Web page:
HMC expert warns public against using e-cigarettes

In light of increasing reports of e-cigarette-associated lung illnesses in the US, the Hamad Medical Corporation’s (HMC) Tobacco Control Center has urged the public to avoid the use of e-cigarette products.

E-cigarettes and vaping devices contain harmful chemicals and substances that can cause serious health problems, said Dr, Jamal Abdualla Basuhai, Smoking Cessation Specialist at the Tobacco Control Center.

 “Apart from nicotine, e-cigarettes contain additional harmful substances that can adversely affect the respiratory system and cause serious deadly lung diseases. The substances can also cause high blood pressure, seizures, coma and death. E- cigarettes are banned in Qatar. Sale, distribution and advertising of e-cigarettes in the country is an offence. But some use e-cigarettes, which are bought illegally into the country,” he said yesterday.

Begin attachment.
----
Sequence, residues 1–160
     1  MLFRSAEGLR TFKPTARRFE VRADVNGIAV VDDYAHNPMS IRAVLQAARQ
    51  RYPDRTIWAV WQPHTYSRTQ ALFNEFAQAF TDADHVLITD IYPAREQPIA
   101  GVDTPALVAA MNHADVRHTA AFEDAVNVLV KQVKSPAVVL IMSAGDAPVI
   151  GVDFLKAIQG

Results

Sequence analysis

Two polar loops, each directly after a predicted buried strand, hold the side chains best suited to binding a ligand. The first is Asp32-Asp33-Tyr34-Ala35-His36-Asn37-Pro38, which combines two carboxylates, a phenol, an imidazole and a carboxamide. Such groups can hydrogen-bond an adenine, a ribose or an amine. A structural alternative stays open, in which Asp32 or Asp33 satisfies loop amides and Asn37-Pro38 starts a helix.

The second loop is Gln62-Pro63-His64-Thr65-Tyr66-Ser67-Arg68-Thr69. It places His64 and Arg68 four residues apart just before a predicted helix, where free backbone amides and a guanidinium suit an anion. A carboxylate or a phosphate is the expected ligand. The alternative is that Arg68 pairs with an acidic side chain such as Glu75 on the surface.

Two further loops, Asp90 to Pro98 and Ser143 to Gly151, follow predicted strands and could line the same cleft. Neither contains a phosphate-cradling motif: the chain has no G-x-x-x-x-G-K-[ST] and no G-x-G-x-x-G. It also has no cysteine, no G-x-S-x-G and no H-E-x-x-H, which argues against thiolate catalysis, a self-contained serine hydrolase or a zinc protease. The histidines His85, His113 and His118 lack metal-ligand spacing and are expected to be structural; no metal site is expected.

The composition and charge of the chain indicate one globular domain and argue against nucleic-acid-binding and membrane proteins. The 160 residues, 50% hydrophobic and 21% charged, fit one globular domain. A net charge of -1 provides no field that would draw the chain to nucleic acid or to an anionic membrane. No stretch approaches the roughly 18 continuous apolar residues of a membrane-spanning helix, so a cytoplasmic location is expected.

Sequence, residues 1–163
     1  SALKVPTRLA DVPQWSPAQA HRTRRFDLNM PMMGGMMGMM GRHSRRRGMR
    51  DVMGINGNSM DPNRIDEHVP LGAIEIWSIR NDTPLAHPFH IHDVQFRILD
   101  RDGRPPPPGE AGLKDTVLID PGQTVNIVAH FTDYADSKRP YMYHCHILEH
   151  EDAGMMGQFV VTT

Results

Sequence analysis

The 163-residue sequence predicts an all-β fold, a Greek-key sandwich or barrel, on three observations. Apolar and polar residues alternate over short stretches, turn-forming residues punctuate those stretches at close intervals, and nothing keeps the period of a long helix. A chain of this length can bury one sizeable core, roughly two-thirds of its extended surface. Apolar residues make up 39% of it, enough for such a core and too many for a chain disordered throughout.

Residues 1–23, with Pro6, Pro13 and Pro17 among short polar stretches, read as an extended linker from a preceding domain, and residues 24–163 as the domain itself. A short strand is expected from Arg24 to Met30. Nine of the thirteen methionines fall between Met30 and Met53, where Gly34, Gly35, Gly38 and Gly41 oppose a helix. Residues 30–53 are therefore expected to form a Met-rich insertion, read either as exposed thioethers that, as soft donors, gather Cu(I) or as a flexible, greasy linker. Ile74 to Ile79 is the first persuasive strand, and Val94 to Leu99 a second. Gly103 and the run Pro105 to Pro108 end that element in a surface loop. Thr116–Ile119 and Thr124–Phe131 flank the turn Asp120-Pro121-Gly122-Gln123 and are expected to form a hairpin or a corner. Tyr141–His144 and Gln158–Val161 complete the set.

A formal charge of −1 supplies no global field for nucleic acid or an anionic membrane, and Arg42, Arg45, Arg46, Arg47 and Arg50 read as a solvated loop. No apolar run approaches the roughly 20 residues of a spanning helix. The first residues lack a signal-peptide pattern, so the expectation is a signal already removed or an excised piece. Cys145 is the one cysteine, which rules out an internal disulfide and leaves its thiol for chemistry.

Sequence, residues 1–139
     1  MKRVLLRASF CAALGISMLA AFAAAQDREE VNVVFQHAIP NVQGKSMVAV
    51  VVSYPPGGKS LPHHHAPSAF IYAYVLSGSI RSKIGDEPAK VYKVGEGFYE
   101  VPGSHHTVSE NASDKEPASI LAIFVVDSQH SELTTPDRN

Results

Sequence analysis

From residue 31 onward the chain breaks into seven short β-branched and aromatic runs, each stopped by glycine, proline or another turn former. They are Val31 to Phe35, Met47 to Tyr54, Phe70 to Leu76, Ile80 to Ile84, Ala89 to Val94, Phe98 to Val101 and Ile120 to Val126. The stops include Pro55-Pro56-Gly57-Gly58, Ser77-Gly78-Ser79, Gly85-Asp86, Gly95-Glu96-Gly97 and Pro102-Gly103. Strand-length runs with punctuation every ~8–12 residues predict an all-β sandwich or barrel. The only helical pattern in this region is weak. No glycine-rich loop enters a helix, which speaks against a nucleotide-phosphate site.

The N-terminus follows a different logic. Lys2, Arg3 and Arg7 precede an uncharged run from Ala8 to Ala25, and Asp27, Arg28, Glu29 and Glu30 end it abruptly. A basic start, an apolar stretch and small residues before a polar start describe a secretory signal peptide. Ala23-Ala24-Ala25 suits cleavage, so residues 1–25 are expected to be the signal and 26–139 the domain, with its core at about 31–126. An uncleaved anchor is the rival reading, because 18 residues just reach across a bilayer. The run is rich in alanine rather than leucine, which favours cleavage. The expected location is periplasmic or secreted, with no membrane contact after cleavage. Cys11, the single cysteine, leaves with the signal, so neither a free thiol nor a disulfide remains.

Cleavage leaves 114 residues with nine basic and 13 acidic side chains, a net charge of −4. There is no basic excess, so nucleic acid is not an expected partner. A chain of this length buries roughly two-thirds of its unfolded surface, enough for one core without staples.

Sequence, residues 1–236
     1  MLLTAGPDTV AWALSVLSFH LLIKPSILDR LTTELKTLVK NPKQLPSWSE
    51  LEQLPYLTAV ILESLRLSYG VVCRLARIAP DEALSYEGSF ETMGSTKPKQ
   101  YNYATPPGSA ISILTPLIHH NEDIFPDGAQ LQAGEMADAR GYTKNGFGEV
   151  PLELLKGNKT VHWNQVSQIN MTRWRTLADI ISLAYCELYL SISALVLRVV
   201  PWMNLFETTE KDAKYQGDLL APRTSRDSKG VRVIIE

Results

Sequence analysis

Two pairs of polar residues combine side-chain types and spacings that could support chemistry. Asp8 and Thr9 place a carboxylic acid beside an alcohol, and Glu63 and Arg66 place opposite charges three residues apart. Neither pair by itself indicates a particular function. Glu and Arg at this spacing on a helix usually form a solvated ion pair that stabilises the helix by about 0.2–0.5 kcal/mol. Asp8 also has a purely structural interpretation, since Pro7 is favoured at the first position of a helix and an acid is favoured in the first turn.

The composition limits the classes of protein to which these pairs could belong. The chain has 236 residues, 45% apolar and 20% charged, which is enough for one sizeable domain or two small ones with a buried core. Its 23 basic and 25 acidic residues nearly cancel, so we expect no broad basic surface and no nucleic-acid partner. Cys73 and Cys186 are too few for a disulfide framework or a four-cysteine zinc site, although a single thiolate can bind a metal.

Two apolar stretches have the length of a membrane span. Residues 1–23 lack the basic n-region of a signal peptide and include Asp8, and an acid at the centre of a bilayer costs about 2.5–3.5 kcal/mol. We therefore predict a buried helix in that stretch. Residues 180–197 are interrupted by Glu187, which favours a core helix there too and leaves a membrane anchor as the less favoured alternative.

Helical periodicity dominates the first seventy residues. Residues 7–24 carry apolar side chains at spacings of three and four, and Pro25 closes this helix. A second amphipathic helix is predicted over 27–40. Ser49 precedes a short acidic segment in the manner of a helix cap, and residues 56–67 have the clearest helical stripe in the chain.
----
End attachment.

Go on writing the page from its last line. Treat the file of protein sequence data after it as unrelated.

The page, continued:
Dr. Basuhai, warned that  e-cigarette smoking adolescents are highly likely to continue to regular cigarettes later.

E-cigarettes use a battery-powered device that heats a liquid to form vapours. These devices heat up various potentially harmful substances.

“Many think that e-cigarettes are thought to be safer than traditional cigarettes. But e-cigarettes kill up to half of all lifetime users, according to the World Health Organization,” said Noor El Nakib, Health Awareness and Quality Management Coordinator at the Tobacco Control Center.

 She urged people not to start smoking e-cigarettes for fun or for quitting any tobacco products. “At recent times we see an increase in people using e-cigarettes. Thought they are not in big numbers we see it as a merging trend especially among the adolescents. During our awareness programs and at clinics we come across many who have the misconception  that e-cigarettes are ‘healthy’ and  can be an alternative to the traditional cigarettes,” said El Nakib.

She also emphasised that in order to stop cigarette smoking or consumption of tobacco, it is essential to visit the smoking secession clinics at the Tobacco Control Center.

As seen on Peninsula Qatar  Image Credits Peninsula Qatar